- Check the checkbox next to the folder you want to hide, then click the “i” icon, then Manage Access
- You can tweak access right in the pop-up that appears, but if you opt for more “advanced” way of setting up security for a folder, click on Advanced
- From there, you will see a now-familiar screen that will allow you to set granular permissions for a folder. By default, folder inherits permissions from the parent (Document Library in our case). By breaking inheritance and removing/adding groups and users (just follow Steps 4-8 in option Option 3 above), you can set unique permissions for your folder and hide it from other users.
By the way, I also recorded a video on how to set unique permissions for a folder, check it out!
Option 4: Unique permissions on a file
Yes, we can go one level further and set unique permissions at a file level. This option is great if you have 1-2 files that require unique access from the rest of the site.
Option 5: OneDrive
If your head is spinning after reading all the previous options – maybe setting up unique permissions is not for you. In this case, you can just store your sensitive content in your own OneDrive account. By default, it is private, until you share and you can easily control who you are sharing with from within your OneDrive (works the same way as sharing from SharePoint). To learn more about sharing from OneDrive, check out this post. Of course, one thing to keep in mind is that OneDrive is tied to your user ID, so if you win a lottery tomorrow and decide not to show up at work, your files are going to be deleted with the account, leaving your jealous co-workers without those important files that should have been in SharePoint, to begin with.
Option 6: Password protection on files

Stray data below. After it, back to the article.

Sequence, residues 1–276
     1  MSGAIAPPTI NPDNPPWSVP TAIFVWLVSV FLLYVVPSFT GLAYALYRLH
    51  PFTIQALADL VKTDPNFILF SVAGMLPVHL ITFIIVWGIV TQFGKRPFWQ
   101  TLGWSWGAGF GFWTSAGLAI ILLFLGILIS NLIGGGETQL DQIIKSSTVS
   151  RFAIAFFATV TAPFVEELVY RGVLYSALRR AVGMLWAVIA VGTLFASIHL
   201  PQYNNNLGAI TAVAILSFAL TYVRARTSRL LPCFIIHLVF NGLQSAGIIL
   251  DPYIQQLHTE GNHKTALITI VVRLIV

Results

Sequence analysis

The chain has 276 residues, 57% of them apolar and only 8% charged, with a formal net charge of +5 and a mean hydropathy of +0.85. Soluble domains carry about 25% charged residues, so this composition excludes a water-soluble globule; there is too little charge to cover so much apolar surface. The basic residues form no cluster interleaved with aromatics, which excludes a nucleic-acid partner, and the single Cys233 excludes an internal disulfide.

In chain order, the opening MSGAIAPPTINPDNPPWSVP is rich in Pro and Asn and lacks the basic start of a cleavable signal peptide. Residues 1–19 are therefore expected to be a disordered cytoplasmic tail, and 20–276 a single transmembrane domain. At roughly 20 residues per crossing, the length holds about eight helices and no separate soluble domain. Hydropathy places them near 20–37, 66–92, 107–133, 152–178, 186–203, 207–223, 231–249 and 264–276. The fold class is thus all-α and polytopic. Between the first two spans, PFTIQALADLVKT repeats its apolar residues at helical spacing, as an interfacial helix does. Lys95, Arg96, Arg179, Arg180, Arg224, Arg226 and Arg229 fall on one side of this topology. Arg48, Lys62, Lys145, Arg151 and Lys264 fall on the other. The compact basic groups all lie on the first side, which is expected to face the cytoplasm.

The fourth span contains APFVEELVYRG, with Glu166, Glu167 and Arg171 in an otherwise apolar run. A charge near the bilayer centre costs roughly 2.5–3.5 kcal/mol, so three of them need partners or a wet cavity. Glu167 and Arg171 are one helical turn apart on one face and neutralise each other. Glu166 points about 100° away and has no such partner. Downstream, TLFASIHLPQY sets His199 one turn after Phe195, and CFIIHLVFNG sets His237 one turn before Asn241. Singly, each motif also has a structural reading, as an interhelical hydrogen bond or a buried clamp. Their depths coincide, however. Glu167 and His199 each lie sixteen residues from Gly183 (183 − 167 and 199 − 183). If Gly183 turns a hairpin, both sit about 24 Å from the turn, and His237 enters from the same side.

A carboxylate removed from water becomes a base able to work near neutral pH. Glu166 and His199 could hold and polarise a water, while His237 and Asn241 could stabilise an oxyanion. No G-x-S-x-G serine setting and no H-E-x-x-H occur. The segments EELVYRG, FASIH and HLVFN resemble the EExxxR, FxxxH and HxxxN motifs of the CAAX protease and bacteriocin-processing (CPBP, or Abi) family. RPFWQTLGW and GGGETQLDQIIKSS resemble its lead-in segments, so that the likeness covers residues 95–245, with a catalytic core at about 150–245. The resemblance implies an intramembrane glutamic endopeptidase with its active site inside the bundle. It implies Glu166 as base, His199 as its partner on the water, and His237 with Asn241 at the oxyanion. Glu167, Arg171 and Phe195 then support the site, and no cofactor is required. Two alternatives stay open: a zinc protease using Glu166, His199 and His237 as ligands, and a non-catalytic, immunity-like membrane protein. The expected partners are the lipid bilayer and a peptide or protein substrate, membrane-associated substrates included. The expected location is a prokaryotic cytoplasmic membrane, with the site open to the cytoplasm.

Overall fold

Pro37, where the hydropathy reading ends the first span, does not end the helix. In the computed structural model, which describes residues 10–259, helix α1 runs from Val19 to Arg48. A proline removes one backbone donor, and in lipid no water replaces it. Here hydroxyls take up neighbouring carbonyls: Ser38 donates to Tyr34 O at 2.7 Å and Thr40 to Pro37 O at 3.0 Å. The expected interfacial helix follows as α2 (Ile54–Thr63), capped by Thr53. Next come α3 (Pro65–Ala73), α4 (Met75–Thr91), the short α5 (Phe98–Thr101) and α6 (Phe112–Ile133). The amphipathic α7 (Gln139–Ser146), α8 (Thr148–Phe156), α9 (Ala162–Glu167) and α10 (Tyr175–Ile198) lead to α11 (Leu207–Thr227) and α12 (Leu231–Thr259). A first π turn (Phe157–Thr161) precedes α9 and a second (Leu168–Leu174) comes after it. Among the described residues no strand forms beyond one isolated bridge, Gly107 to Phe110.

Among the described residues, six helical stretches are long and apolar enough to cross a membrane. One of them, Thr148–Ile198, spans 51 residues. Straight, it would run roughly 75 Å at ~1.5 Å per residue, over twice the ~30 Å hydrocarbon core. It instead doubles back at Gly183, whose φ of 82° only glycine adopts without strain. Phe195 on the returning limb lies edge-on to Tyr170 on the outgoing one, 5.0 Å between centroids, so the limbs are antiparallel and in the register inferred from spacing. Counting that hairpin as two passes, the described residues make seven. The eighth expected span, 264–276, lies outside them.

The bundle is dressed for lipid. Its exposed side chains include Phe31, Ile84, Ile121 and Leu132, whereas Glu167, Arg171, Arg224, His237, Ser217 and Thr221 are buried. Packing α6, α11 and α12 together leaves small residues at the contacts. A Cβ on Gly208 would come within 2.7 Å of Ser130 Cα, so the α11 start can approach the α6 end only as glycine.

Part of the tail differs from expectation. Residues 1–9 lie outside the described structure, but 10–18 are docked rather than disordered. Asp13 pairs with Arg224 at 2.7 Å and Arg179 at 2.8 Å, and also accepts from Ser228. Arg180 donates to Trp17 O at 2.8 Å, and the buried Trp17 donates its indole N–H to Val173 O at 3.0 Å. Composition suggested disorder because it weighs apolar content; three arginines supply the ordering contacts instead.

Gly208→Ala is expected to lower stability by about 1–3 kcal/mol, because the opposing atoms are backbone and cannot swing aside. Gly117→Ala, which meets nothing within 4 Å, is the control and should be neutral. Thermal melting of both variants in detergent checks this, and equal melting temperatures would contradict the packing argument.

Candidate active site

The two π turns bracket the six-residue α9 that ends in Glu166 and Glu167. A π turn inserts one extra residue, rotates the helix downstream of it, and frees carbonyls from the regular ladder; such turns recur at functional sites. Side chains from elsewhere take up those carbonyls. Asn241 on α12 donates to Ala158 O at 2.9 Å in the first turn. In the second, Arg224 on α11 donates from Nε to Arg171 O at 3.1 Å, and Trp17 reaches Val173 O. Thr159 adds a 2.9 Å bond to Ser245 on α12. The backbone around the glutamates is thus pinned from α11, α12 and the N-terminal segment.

The last available option that exists has nothing to do with SharePoint or OneDrive. It is something that is part of some MS Office file types (Word, Excel). The functionality I am talking about is, of course, the file password protection.
While this option will save you from messing around with SharePoint and OneDrive sharing, I don’t really like one as this requires users to remember yet another password. Multiply that by the number of files, and you get the idea. I had many times set passwords for my own files, only to forget them a few days later. And you will not be able to recover that content, if you forget one, so be careful! And by the way, if you create passwords for your files, you will not be able to open them in the browser in SharePoint, using Office Online. Check out this post to learn more about this and other limitations.
I recommend either Option 1 or 2. Both are scalable and allow you to store many files and folders with unique security. Once you start messing around with the unique folder or file security, it becomes an administrative nightmare for you to manage. I don’t like the OneDrive option because OneDrive is your own account. And individual file protection forces you to remember many one-time passwords. So yes, stay at the site/document library level in terms of security and stay out of trouble!